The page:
Driving down a bumpy narrow lane in the Sussex countryside, you arrive at the farm. You know you are in the countryside by the smells and sounds of farm activity; it is not an air-conditioning unit that you hear humming in the background, but a milking machine. The buildings around the farmhouse, Charleston, have just completed a transformation; Jamie Fobert Architects, whose other work includes the recent refurbishments of Tate St Ives and Kettle Yard, Cambridge, has sensitively designed new buildings for exhibition galleries and other facilities using cross-laminated timber to blend in with the old farm buildings, connecting into the old 18th barns which have been converted into a restaurant and events space by Julian Harrap Architects. The feel is contemporary, but timeless, set round a new courtyard.
The first exhibitions in the new gallery spaces, ‘Orlando at the Present Time’ celebrating the 90th anniversary of Virgina Woolf’s famous novel, with historic and contemporary references to it, and South African photographer Zanele Muholi’s series of photographic portraits ‘Faces and Phases’ focussing on what it means to be black and gay in today’s society, show the versatility of the new spaces, encouraging visitors to make repeat visits to Charleston, the unique home of Vanessa Bell and Duncan Grant, their family and friends, and centre of the Bloomsbury Group after they moved permanently from London in 1939. Also on show is the fascinating ‘Famous Women’ dinner service designed by the two artists and now brought back to Charleston after many decades in private ownership.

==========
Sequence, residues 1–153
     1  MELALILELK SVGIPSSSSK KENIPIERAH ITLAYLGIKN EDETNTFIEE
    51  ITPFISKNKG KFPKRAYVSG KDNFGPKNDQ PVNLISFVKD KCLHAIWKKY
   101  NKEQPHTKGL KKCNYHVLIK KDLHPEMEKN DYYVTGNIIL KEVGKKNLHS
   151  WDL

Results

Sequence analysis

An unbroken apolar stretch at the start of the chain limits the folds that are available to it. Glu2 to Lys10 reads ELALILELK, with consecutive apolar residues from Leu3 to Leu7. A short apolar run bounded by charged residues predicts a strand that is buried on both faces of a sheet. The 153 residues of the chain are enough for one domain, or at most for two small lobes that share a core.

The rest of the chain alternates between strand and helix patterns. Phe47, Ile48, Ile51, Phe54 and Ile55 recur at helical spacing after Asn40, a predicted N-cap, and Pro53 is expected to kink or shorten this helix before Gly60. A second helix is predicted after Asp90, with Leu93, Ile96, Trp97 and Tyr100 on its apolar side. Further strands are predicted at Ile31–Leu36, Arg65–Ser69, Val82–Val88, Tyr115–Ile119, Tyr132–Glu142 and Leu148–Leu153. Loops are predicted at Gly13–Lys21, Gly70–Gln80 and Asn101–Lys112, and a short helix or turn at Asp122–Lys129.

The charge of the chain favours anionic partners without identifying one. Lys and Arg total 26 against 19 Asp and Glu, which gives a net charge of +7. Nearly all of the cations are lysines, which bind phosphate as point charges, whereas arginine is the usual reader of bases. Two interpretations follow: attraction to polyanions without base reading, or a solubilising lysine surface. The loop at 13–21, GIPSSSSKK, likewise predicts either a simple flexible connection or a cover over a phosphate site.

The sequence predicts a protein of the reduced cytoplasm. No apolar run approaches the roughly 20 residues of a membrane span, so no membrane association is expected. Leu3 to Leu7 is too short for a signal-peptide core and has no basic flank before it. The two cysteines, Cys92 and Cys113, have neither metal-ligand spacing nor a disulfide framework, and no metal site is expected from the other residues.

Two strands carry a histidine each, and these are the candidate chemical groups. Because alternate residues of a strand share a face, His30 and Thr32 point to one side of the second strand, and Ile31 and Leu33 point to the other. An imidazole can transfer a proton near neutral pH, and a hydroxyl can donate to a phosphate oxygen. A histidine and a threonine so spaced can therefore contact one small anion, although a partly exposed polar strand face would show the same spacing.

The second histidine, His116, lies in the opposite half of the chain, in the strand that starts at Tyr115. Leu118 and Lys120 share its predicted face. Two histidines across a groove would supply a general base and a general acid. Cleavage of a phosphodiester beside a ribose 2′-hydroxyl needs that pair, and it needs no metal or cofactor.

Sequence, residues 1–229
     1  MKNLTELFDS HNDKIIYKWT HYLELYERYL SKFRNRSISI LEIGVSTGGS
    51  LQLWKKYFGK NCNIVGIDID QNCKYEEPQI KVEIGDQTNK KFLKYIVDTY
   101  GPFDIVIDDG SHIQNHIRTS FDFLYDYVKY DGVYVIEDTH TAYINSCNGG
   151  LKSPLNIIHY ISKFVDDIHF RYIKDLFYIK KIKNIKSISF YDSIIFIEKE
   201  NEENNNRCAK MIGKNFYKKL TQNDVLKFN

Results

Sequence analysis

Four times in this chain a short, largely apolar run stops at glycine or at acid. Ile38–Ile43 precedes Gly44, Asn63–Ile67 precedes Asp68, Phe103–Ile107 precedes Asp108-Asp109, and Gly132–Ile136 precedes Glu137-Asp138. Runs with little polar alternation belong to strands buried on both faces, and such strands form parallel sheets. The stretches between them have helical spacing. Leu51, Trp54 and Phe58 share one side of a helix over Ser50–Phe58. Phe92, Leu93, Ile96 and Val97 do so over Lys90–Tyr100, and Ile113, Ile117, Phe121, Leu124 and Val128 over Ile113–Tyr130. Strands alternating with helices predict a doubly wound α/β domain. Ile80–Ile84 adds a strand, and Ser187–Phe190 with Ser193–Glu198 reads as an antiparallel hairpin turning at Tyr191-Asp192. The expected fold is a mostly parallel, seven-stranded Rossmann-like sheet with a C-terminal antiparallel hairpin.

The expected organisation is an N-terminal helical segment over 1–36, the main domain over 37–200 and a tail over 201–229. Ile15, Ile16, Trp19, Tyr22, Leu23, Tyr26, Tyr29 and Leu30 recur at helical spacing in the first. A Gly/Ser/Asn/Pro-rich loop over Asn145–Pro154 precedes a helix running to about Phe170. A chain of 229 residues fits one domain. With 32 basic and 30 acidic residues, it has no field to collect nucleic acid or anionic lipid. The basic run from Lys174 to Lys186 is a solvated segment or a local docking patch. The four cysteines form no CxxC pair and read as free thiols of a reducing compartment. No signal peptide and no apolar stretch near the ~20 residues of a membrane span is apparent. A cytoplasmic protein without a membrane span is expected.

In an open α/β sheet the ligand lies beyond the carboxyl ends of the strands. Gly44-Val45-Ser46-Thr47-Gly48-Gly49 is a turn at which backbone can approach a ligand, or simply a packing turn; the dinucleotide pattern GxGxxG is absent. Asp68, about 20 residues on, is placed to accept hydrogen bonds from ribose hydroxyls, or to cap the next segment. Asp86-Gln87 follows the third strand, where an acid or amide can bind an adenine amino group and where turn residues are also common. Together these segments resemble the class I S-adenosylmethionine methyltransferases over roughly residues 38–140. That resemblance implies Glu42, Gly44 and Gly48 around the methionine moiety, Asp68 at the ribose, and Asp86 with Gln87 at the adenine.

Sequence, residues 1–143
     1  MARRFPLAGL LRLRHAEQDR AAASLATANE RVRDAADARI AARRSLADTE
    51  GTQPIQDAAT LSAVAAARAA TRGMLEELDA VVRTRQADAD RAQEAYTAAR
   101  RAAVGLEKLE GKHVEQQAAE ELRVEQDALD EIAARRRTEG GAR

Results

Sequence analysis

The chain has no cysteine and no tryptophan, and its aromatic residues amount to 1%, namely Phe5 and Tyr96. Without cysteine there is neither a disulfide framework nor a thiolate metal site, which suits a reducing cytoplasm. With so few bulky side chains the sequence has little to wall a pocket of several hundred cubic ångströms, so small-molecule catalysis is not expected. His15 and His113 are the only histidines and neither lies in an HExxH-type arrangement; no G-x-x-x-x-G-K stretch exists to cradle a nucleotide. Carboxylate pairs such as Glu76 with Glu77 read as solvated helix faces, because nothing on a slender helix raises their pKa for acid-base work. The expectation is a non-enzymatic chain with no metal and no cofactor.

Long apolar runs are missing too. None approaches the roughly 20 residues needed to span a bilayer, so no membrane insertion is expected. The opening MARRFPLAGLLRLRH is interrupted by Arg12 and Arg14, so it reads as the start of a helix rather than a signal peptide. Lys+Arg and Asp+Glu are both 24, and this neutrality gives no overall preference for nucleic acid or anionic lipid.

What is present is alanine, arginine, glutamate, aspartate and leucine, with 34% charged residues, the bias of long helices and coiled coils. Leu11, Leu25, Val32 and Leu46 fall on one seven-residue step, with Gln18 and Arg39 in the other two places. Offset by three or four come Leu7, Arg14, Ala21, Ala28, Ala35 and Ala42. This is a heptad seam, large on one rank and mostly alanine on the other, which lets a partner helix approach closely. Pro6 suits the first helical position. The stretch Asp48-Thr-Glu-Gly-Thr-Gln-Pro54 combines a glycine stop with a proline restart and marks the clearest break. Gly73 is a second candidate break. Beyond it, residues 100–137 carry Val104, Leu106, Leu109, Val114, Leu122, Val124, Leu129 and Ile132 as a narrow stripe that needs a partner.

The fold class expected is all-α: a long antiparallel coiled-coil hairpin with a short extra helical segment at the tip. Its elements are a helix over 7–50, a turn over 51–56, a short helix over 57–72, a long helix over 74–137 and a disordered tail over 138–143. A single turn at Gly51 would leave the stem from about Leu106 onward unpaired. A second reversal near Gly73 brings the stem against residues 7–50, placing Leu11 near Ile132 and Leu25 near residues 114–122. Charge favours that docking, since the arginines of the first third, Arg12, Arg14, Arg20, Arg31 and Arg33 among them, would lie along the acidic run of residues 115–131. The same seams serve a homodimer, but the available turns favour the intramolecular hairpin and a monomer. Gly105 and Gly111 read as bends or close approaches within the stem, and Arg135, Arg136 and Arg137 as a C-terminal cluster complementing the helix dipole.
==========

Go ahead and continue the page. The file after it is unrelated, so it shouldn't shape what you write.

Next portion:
Vanessa Bell and Duncan Grant first rented the old 16th century farmhouse, near to where Virginia and Leonard Woolf also had a house, in 1916 during the First World War and made it their permanent home in 1939 during the Second World War, extending it to build a new studio space for the artists. The unique interiors painted throughout the house by the two artists – works of art in themselves – were nearly lost for ever when, after Duncan Grant died in 1978 and a short occupation by his daughter Angelica, the property was due to be returned to the landowner who planned to refurbish it for new tenants. Fortunately the Charleston Trust was established in 1980 and the house, its contents and the gardens planted under the guidance of Roger Fry were saved for us to enjoy today, remaining as it was in the 1950’s, (Vanessa Bell died in 1960), as if the large community of artists, writers and friends who stayed there had just popped out for a few minutes. Now enhanced with the sensitive new buildings and barn conversions, this is essential visiting a for anyone interested in 20th century British art and literature and the Bloomsbury Group.